• In the meantime, brands should improve transparency of their supply chains to allow consumers to choose who they want to buy from. Brands should be congratulated for improving transparency, although not at the expense of action which is the obvious end goal (H&M is one of the most transparent brands but also one of fashion’s biggest polluters – transparency can’t come at the expense of action).
  • Consumers have the power to request greater transparency from brands, and also to stop buying from the biggest polluters. Shopping small businesses is a great place to start, but we should only buy what we really need. No amount of sustainability will make up for purchasing a wardrobe of clothes you never wear.
  • Large brands have huge amounts of purchasing power and are in a strong position to effect change. It’s about time they did so.

If you enjoyed this blog post and would like to read more, there is a great report on palm oil, fishing and textiles, all of which suffer the same lack of unified regulation – you can read it here. If you regularly read and enjoy my articles, please consider making a small contribution to the running of my blog.

Exhausted – The effect of air pollution on running

It might be just me, but it seems that air pollution has risen on the agenda of Things To Worry About in the last few months. Plastic pollution was one of the key phrases within eco-conscious circles in 2019, with laws coming into place this year in a bid to control the problem. The term pollution, however, refers not only to plastic, but also the introduction of any contaminant into the environment which may cause harm. This can take the form of noise, light, chemicals or even heat – most of which we cannot see.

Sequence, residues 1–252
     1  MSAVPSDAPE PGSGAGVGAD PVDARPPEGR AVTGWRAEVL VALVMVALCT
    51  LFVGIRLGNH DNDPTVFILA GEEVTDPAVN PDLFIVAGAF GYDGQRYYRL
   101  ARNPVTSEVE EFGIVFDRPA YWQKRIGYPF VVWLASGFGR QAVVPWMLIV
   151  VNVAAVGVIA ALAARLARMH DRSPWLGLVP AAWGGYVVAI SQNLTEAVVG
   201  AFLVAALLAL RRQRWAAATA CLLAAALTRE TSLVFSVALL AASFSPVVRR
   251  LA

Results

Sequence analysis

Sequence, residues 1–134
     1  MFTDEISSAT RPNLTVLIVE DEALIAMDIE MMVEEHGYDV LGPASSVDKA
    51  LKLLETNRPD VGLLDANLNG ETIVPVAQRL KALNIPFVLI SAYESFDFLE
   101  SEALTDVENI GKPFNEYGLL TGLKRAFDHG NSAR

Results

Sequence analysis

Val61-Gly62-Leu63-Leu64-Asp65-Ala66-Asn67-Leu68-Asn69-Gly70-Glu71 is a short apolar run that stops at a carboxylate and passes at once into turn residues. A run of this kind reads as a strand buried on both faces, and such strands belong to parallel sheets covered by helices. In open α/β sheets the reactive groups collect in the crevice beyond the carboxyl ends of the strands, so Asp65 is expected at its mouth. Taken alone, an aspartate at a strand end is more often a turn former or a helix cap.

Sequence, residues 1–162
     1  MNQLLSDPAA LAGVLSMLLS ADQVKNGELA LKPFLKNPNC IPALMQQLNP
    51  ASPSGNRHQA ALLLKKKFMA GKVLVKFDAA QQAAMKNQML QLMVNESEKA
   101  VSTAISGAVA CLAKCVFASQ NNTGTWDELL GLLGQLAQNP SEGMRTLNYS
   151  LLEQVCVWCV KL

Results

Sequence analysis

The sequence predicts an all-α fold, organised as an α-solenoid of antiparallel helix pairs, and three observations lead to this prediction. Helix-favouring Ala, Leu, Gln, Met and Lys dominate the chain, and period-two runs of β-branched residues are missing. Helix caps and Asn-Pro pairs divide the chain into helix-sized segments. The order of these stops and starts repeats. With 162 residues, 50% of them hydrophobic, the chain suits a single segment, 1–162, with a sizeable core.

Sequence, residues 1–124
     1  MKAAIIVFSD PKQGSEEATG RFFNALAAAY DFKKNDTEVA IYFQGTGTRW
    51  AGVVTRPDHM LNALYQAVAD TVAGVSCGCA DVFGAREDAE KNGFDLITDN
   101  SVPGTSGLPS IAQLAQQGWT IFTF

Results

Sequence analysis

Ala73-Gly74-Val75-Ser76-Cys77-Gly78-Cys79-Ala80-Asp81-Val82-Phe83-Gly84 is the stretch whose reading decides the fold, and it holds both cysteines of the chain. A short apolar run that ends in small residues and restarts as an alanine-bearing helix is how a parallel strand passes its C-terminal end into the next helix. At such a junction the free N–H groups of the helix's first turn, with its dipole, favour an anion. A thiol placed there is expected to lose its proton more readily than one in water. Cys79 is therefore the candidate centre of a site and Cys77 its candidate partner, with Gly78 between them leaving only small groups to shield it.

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Pollution is an issue in cities (and even many rural areas) around the world

Air pollution has a devastating impact on those living in the cities. While the pollution usually cannot be seen, the impacts are felt by all, with it shortening lives and contributing to a number of health problems. In the UK, pollution is a bigger killer than smoking, and costs the UK economy over £20bn per year. The biggest culprits are Nitrogen dioxide, emitted mainly by diesel vehicles, and PM2.5, fine particulate matter linked to adverse health effects. In the EU the toxic air is causing more than 1000 premature deaths each day from PM2.5– a figure which is 10 times higher than the number of deaths from traffic accidents.

Because of this invisible nature, it has been easy for people (and thus governments) to ignore the issue, focussing instead on highly visible, highly publicised issues and ‘buzzwords’, such as banning straws (good, but of limited benefit to the plastic pollution problem). However, in October 2019, it was announced that the UK would introduce an Environment Bill to “help ensure that we maintain and improve our environmental protections as we leave the EU”, including focussing on air quality and PM2.5 in particular.